However, as a writer, I will hold forth with opinions on non-political subjects, when they are warranted. I have already expressed a bevy of them. These subjects are going to be relatively apolitical in nature, as much as anything can be apolitical in such an age. But I will try to remember my third point, that in general, adding another unsolicited guy’s opinion isn’t necessary these days.
However, I may accidentally violate my own rules. Writing this post is as much a reminder to myself as it is a public service announcement to those wondering why I haven’t chimed in.
January 6, 2017
For those of you who have heard of my latest book, The Obesity Conspiracy, or are just mildly interested in your own health, check out this article on Vox where Julia Belluz interviews nutrition journalist Gary Taubes, author of the recently published The Case Against Sugar, about, well, take a guess.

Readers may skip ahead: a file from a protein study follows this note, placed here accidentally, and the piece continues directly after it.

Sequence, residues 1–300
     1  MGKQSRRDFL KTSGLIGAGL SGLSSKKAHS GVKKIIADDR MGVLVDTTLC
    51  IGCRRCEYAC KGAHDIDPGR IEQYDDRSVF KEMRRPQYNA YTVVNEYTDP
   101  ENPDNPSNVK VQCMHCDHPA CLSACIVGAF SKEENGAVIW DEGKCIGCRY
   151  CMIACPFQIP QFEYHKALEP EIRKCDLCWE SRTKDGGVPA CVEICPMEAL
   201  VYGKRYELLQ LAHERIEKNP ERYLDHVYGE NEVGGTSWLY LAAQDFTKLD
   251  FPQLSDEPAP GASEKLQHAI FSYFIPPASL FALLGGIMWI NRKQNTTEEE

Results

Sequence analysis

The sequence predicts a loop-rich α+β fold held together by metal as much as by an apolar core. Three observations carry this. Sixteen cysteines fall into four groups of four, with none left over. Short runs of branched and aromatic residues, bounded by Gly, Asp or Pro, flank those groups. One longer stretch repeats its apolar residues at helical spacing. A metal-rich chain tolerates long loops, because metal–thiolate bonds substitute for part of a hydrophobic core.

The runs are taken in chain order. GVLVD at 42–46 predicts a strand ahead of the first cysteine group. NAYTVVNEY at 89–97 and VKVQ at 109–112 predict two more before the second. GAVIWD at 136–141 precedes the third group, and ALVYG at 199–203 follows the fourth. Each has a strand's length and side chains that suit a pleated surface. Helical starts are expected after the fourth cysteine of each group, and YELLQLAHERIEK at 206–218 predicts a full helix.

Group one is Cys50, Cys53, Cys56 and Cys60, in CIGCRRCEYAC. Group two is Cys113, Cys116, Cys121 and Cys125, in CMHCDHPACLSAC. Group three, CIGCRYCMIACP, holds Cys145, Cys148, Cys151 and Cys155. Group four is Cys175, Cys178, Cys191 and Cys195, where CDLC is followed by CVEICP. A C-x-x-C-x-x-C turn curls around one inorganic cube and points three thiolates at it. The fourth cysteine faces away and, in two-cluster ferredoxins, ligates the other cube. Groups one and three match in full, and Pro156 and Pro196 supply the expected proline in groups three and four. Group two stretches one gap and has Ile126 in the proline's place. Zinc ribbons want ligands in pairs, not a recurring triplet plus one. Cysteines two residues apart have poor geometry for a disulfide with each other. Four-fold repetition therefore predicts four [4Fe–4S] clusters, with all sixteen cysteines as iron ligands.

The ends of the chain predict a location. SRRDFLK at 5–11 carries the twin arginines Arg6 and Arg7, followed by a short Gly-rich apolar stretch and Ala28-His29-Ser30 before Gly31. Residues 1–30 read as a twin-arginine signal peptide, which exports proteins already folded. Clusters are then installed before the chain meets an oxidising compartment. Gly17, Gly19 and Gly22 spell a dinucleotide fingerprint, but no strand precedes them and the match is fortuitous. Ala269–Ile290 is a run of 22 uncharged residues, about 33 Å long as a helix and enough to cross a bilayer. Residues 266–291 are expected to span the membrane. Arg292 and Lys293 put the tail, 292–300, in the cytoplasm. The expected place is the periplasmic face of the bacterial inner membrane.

His basic proposition is that research on the causes of the obesity and diabetes epidemics should first try to rule out sugar as the primary or biggest cause, and until it does, sugar should be considered as unhealthy or worse than tobacco or alcohol. Which is a problem since Western eaters are wolfing down sugar at most meals in grotesque amounts that they probably don’t realize.
Let’s not forget the horrendous explosion of American obesity in the last half century. Note that the proportion of overweight men and women hasn’t decreased as the ranks of the obese have skyrocketed. That means those who would have been overweight in earlier years became obese, and those who were normal weight became overweight.
Taubes is not just a controversial nutrition journalist, he’s tried to organize and fund sound nutrition science. Nutrition research is a whole other difficult issue, complicated by self-interest, poor methodology, sneaky corporate financing, excessive shoulder-shrugging, and research findings that often fall prey to hyperactive-press coverage-disorder.
I think Elaine Cassano and Gary would probably be colleagues if Elaine wasn’t just a character in my book. I have to give Taubes credit that he allows for his theory to be wrong, which seems to be a rare things these days in heated debates.